The Crazy Middle East, Con’t

Malhass is trying to become the first female body builder from CanadaThis edition of the Crazy Middle East brings us stories from Jordan and Egypt.

–  Egyptian scholars are arguing over the suitability of the classic tale “Arabian Nights.” The story, which has been collected for centuries is part of a dispute between those who believe that the characters in the book as well as the theme of sexuality present an affront to Islam.  A new version of the book started the controversy and could potentially be banned in Egypt.

“I was shocked at the offensive phrases it contains,” said Ayman Abdul-Hakim, member of Lawyers without Shackles, the non-governmental group that filed a complaint with Egypt’s Prosecutor General calling for the withdrawal of the new edition from the market and for banning the book altogether.

[tweetmeme] Opponents have been calling the book a waste of public money while those not in favor of banning to book have have said “[t]he fact that the first edition was sold out shortly after it was issued shows that Egyptians are avid readers and that they will not be influenced by a bunch of people who take advantage of Islam in order to suppress freedom.”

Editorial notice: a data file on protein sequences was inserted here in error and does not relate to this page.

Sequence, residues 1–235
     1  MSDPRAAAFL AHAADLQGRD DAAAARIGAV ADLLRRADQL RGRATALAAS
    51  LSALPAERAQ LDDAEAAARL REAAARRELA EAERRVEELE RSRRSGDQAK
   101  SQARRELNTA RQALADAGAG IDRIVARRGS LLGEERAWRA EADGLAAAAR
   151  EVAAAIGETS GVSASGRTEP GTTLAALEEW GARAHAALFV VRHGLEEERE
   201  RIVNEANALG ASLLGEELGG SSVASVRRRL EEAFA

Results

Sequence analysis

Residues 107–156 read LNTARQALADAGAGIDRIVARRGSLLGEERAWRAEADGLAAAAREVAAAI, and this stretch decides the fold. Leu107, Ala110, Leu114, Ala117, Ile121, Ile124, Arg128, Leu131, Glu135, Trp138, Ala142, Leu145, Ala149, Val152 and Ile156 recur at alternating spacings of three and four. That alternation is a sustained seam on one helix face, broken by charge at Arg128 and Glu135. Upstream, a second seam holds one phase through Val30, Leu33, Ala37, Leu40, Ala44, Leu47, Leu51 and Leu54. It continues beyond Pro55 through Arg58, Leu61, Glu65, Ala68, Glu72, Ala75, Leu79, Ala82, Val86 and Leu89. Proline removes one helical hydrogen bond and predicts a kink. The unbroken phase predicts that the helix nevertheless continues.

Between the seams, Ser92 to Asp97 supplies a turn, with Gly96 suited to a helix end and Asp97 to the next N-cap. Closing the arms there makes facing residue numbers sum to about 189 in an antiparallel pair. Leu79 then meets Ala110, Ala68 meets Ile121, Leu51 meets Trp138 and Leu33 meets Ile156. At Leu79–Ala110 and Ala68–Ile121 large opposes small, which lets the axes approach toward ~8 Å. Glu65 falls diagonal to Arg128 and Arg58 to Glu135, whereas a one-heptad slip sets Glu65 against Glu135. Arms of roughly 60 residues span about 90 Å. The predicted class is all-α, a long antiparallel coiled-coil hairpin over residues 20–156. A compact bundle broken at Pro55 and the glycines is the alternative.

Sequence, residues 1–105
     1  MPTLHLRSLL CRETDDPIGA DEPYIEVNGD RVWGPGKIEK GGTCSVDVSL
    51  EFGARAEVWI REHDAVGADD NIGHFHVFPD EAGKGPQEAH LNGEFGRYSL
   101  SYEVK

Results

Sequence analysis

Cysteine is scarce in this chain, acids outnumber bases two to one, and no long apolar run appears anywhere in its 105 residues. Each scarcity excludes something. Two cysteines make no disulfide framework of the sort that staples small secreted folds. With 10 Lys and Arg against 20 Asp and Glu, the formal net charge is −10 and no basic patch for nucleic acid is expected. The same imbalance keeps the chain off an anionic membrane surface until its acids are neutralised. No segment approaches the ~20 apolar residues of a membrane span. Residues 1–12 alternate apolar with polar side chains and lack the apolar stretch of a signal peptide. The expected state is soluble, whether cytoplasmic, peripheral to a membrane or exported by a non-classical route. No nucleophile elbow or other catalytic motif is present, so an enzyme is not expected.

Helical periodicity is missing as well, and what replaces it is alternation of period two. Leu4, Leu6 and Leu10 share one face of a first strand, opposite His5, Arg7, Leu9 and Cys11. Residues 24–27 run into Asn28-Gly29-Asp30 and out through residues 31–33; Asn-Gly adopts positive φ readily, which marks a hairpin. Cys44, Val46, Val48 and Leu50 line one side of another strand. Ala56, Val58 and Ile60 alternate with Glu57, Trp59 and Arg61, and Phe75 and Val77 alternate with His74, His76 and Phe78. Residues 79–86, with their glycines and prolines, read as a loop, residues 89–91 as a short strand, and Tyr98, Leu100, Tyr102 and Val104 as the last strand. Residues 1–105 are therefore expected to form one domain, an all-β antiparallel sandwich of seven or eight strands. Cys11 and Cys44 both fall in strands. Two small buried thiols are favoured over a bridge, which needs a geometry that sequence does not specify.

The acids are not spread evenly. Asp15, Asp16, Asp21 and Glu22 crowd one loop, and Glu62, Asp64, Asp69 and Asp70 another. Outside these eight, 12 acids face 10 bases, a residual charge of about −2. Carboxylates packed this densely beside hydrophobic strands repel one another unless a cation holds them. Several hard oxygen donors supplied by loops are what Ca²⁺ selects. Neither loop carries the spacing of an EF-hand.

– In Jordan, where honor killings still haunt the relations between men and women, one women is trying to make a stand.  And I don’t think anyone will physically get in her way.  26 year-old Farah Malhass is training to become Jordan’s first female body builder.  Covered in tattoos (done in Beirut to be sure) Malhass is creating ripples in her family as well as in Jordanian sports, marketing, sponsoring and the entire Jordanian community.

The Jordanian bodybuilding federation has difficulty accepting a woman into its ranks. “Aren’t you ashamed of parading in front of the world in a bikini,” she is asked.

So far only one Jordanian athlete, Zeid al-Far, has supported her. He is also competing in Toronto and they are sharing the cost of their training.

They are also seeking sponsorship together but this is proving elusive, with just one radio station manager in Amman and a nightclub owner in Beirut taking any interest.

Photo from Al Arabiya

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